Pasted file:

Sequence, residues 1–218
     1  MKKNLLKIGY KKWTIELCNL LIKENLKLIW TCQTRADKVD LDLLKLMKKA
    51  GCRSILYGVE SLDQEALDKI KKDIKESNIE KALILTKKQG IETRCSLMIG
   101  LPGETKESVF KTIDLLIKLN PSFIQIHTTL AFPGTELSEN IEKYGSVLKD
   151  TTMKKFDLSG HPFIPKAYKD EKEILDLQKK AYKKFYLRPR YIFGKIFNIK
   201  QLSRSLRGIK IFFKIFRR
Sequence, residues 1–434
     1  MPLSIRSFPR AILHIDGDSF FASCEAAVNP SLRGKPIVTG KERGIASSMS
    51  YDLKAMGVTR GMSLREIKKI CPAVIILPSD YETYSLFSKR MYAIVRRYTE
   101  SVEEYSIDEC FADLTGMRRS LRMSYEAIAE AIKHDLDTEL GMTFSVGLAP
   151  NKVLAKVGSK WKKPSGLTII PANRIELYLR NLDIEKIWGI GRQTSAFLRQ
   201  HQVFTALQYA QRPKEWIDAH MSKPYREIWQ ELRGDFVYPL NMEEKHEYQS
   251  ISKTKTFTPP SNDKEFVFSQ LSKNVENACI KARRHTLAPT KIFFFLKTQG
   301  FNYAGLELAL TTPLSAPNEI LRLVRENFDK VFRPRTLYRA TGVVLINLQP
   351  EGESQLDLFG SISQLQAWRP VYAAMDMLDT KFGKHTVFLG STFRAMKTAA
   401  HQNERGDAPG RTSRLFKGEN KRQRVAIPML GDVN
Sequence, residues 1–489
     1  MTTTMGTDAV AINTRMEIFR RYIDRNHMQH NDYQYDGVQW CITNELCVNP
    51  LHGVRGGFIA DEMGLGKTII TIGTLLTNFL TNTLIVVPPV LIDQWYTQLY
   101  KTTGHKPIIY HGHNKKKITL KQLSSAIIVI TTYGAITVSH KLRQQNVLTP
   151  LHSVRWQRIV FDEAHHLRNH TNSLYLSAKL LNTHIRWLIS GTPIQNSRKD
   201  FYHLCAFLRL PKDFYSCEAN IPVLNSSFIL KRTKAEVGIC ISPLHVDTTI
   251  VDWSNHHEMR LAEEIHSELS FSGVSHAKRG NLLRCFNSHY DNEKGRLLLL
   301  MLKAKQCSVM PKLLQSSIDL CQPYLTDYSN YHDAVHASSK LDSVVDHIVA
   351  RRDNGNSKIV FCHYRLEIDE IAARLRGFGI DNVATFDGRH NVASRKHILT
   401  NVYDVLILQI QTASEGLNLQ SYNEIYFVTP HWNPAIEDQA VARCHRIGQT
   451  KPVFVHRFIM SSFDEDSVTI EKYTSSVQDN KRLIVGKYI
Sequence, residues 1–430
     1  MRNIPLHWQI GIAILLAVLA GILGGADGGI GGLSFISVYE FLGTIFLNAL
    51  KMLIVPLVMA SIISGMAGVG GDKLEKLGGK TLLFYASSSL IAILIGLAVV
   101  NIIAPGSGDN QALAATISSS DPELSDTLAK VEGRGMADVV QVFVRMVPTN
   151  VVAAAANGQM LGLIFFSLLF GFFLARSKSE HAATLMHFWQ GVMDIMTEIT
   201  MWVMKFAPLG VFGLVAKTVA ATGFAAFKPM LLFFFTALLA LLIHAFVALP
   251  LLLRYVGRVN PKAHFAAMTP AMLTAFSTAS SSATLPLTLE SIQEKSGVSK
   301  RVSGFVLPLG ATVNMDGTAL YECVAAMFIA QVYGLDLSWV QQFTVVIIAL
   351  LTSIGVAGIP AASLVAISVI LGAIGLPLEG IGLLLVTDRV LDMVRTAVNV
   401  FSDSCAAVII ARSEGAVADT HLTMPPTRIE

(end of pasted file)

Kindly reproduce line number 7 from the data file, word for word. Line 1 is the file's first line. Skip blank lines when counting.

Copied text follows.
Sequence, residues 1–434